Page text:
World Health Organization. (1978). Declaration of Alma Ata, International conference on PHC, Alma-Ata, USSR, 6–12 September. Accessed November 2017.
Why is PHC important?
A strong, accessible PHC system reduces pressure on hospitals by supporting people to manage their health issues in the community. It is the cornerstone underpinning population health outcomes and key to ensuring we have a high-quality sustainable health system into the future.
Yet, despite its critical importance, PHC is not always clearly understood by those working outside the system. Certainly it is a complex mosaic, characterised as much by its funding diversity (a mix of private and publicly-funded services) and workforce distribution as its multi-faceted delivery.
The video clip, What is primary health care? Why is it important? offers some insights.
An Australian PHC Strategy
As part of a process of health reform the Australian Government has developed a National Primary Health Care Strategic Framework to better tackle the health challenges of the 21st century. The Framework takes a broad view of comprehensive primary health care, extending beyond the 'general practice' focus of traditional Australian Government responsibility. It accounts for the importance of community-based PHC to respond to the needs of local communities by focusing on the integration of PHC with specialist care and other health sectors including acute care, aged care and Indigenous health services.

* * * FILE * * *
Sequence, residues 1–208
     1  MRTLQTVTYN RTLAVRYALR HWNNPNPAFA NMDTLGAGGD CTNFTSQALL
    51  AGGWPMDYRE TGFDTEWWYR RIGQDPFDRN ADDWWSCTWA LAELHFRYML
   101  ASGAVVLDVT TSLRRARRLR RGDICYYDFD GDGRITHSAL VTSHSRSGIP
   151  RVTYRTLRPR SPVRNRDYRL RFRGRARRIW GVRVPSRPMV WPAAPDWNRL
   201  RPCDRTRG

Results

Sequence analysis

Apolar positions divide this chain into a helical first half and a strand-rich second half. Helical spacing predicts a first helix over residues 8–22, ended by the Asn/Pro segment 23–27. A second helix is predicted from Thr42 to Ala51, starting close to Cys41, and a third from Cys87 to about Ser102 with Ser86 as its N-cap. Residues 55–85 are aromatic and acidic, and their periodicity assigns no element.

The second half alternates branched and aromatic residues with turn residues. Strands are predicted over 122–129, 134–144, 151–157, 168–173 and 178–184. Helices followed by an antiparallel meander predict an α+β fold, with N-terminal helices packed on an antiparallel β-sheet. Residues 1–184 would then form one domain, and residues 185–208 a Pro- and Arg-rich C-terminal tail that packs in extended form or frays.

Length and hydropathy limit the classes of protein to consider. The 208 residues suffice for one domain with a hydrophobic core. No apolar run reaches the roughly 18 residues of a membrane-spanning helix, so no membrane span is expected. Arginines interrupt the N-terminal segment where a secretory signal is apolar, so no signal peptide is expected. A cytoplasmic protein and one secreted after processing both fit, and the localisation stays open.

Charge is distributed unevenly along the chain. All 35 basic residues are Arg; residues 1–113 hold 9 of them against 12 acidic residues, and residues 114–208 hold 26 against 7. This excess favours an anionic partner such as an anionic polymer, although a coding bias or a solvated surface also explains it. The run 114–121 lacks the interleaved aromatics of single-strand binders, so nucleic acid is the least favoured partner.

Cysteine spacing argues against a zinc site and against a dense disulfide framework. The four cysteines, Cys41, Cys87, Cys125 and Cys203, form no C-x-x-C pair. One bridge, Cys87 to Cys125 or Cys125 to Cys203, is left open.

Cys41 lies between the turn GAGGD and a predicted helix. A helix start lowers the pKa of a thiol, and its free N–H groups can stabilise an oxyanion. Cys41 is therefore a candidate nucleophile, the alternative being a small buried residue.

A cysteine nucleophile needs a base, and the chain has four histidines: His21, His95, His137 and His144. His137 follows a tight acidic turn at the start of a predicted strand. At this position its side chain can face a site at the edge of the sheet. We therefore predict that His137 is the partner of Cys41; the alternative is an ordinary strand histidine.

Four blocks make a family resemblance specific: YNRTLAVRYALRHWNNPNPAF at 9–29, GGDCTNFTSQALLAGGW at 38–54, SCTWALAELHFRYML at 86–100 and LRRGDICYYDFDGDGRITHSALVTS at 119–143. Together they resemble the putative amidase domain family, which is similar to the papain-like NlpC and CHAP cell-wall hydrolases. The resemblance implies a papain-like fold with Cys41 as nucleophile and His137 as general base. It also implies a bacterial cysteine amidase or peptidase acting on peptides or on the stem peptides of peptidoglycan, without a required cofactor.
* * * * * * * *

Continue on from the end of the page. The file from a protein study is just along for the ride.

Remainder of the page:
The National Primary Health Care Strategic Framework is a nationally agreed approach for the Commonwealth, states and territories to work in partnership to better integrate health care across care settings and to improve health outcomes for all Australians.
The Department of Health (2013).
Australia’s comprehensive approach to PHC
Australia strives for a PHC framework based on a comprehensive definition of PHC that is distinguishable from selective PHC that focuses on treatment, rehabilitation and primary medical care. A comprehensive approach to PHC takes into account the social determinants of health, health inequalities, health promotion, illness prevention, treatment and care of the sick, community development, advocacy, rehabilitation, inter-sectoral action and population health approaches.
Table 1: Differences between comprehensive and selective PHC